Language-learning strategy: Read extensively

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In this blog we will address a variety of topics, including:

  • Vocabulary and expressions related to the culture and history of Spain and the Hispanic world;
  • Interesting facts about Spanish and Spanish speakers;
  • Common words that have many meanings and uses;
  • Easily-confused words and expressions, such as words that look or sound alike, and “false friends”;
  • Tricky points of grammar;
  • Hints on how to improve your own learning.

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Help yourself learn Spanish by using effective learning strategies

You know that to learn a language well you need to be immersed in it, surrounded by native speakers and using the language as much as possible in your daily activities: shopping, exercising, socializing, cultural activities and more. That’s not so hard if you are in Spanish speaking environment, but you have to work harder if you are not. In the coming weeks and months we’ll recommend some language-learning strategies that can really help, whether you are in a Spanish-speaking environment or not.

Language-learning strategy # 1: Read extensively

According to applied linguists such as Stephen Krashen, the best way to improve your vocabulary is to read a lot, just slightly above your present level. According to Paul Nation, a leading expert on vocabulary development in a second or foreign language, to be able to get meaning from what you read, and to be able to figure out the meaning of most of the words you don’t know, you should already know at least 95% of the words in a text.

Leer ampliamente

To check the readability of a text, read a page without looking anything up but underlining or highlighting each new word. Count the number of words in several lines. Average out the number of words per line then multiply it by the number of lines on the page. Then count each underlined or highlighted word once, no matter how many times it appears on the page and whether it appears in only one form or several (e.g., mentira, mentir, mentiroso/a).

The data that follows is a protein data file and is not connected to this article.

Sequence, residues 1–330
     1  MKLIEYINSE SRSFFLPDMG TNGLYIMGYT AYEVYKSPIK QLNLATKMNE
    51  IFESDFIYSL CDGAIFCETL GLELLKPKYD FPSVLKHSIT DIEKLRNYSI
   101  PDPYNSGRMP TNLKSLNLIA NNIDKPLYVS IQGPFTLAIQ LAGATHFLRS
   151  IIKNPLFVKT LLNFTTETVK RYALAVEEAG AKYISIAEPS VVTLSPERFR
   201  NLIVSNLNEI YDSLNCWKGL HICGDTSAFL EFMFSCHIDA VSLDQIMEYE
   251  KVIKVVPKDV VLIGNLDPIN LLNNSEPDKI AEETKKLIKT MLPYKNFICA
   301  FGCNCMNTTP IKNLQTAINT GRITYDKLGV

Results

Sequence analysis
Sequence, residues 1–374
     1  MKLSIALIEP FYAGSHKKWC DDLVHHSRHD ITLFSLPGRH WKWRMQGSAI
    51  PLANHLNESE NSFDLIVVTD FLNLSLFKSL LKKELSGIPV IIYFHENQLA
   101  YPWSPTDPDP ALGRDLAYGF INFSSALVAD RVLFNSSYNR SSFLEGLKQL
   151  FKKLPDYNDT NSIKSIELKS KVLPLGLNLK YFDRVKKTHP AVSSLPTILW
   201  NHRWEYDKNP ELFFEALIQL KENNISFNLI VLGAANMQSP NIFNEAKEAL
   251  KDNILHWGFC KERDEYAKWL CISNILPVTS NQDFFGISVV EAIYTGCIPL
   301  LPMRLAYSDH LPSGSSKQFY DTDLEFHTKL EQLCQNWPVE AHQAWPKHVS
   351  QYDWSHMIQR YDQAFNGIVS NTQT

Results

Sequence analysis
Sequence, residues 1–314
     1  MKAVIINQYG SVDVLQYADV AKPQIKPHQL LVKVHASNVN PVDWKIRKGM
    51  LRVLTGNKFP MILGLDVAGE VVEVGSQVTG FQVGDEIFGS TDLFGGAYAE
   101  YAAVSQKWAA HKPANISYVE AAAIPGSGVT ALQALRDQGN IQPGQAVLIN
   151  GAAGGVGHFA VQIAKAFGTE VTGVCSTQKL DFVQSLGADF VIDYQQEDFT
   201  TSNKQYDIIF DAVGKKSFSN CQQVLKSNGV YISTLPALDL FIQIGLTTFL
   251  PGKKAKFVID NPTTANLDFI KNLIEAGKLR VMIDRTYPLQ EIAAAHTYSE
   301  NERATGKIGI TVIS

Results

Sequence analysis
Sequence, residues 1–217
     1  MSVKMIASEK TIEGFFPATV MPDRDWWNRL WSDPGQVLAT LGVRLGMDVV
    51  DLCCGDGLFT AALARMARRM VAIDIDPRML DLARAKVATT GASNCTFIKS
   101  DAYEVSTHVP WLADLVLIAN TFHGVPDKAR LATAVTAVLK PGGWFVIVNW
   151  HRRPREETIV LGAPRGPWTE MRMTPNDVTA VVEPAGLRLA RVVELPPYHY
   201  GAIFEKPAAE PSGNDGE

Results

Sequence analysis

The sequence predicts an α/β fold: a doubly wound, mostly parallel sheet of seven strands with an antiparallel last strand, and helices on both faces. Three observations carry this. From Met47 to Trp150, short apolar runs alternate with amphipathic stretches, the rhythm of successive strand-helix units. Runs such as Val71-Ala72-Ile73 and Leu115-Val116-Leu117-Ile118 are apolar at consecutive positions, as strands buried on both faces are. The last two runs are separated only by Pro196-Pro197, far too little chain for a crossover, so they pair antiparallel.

Then calculate the percentage by dividing the number of known words by the total number of words. If this comes to more than 5%, this material will be hard going. Struggling with text is not motivating, so save it for later and look for something more accessible for now.

You can read whatever interests you: novels, biographies, magazines, press articles, children’s books, graphic novels, practical or informational books or articles on cooking or gardening or the climate crisis… But read a lot!

The first time you meet a new word, decide if it is essential to your general understanding of what you are reading. If not, skip it! It will surely come up again, and each time it does you will get a clearer idea of its meaning. Alternatively, if you don’t like ambiguity, use a reading app that has a built-in bilingual dictionary. Click on the word, and it will pop up with a translation. Sometimes you will encounter a known word that the writer is using in a more figurative or idiomatic sense. For example, if you know the word leche but you don’t understand how the writer is using it, click on the word and you’ll get not only a definition but also various expressions such as tener mala leche (to be bad-tempered) or estar de mala leche (to be in a bad mood). (Coming soon: a post on the many ways of using leche in Spanish.)


If you can find audiobooks, so much the better… you will improve your listening comprehension too! You can also look for a good text-to-speech app if you are reading electronically. Once you know the text well you can read parts of aloud it aloud along with the audio; this will help your pronunciation. You might feel embarrassed to do this in a bus or in a café, but do it at home!

More strategies coming soon!

11 de February de 2021

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